Expectations for a Fed rate cut in October rose for the third straight day, helping boost the fragile stock market.
An additional push came from Donald Trump, who stepped in to announce a Chinese delegation was coming to the US for trade talks, bolstering risk sentiment.
The Dow Jones Industrial Average closed with gains of 122.42 points or 0.47% to settle at 26,201.04. The Dow had dropped as low as 25,743.46 during the morning session.
The Nasdaq outperformed with a 1.12% rally t0 7,872.27, while the S&P 500 rose 0.8% to 2,910.63.
Commodity markets were mixed again. Oil sold off (-0.61%), but gold (+0.21%) continued to press toward record highs.
The benefits of a weaker US dollar were clearly seen on Thursday. The DXY declined 0.06% as Federal Reserve rate cut expectations for October hit 90%. The weak USD helped reverse daily losses for the Dow after a cavernous decline earlier in the week.
More miserable data hung heavy over the US stock market, as another ISM reading (non-manufacturing employment) missed big. Chief International Economist James Knightley believes that risks are rising for a very weak non-farm payrolls figure on Friday, stating:
“This is the worst employment reading since early 2014 and given the ISM manufacturing employment number was already pointing to a sharp fall we are not optimistic for tomorrow’s all-important jobs number. The consensus is still for employment growth of 147,000, but the labour surveys (including yesterday’s ADP report) suggest 100-120k may be more realistic.”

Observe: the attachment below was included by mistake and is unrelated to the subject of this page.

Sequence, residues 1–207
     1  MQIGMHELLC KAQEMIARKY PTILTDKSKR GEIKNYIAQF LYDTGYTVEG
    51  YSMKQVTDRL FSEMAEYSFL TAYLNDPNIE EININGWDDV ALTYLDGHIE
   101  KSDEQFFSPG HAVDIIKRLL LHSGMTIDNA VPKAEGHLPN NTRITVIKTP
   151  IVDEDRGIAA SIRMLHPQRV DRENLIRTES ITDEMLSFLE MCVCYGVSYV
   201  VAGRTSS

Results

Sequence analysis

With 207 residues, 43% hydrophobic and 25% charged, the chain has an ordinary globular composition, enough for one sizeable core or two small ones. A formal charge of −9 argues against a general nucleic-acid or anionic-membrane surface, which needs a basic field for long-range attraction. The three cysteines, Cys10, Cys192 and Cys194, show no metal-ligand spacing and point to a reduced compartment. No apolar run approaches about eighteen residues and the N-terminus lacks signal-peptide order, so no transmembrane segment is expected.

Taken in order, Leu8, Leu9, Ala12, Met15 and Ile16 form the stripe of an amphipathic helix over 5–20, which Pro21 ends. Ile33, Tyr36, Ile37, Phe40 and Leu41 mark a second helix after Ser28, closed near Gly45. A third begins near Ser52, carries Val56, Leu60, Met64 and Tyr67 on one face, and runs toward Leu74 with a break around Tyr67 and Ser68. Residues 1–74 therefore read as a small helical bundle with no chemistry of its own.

A bad jobs report could be highly detrimental to the Dow Jones, but Knightley believes there may be a silver lining for stock bulls. The dramatic slide in US economic activity may persuade Trump to make a deal with China, or at least prompt much more aggressive easing from the Federal Reserve.
“The latest developments should add a sense of urgency to talks seeking a resolution to the US-China trade dispute and will keep the pressure on the Fed to ease monetary policy further. We continue to look for a December rate cut and a further move in 1Q20, but the risks are increasingly skewed towards more aggressive action.”
The Dow 30 was mixed. Falling Treasury yields hit major banking stocks Goldman Sachs (-0.51%) and J.P. Morgan (-0.14%), as the investment banks continue to struggle.
Elsewhere, things were brighter, as global multinational stocks like Nike, Coca-Cola, and McDonald’s enjoyed the profitability boost from a softer US dollar, with the latter two rising more than 1.4%. These companies offer stable P/E ratios, making them attractive during periods of market stress.
Apple stock rose 0.85%, while Microsoft headlined the DJIA’s tech stock rally with an impressive 1.2% bounce. Boeing was also able to recover nearly 1.3% despite some fresh allegations of safety mismanagement among its executives.
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Last modified: February 5, 2020 9:02 PM UTC